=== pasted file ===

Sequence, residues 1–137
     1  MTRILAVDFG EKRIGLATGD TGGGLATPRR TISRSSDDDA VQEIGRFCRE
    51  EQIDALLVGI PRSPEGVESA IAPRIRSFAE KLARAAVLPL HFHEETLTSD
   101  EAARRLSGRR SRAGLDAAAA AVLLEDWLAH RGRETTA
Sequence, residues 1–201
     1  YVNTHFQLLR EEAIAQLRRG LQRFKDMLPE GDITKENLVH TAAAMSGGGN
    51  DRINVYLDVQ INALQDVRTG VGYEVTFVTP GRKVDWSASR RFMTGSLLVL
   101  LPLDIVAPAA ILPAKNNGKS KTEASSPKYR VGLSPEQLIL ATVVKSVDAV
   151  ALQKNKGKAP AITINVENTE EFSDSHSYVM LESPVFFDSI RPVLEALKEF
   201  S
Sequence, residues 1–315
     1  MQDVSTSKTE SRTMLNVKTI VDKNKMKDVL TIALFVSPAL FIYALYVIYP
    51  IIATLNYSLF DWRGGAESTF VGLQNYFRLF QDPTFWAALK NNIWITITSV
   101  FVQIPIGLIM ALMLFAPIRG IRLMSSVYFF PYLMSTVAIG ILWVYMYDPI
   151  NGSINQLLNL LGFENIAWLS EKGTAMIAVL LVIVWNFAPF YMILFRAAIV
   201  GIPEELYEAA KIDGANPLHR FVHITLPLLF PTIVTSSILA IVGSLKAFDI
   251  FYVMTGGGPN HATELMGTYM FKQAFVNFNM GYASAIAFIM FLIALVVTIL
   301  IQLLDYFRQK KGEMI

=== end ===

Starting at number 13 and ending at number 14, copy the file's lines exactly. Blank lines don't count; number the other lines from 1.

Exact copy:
    51  IIATLNYSLF DWRGGAESTF VGLQNYFRLF QDPTFWAALK NNIWITITSV
   101  FVQIPIGLIM ALMLFAPIRG IRLMSSVYFF PYLMSTVAIG ILWVYMYDPI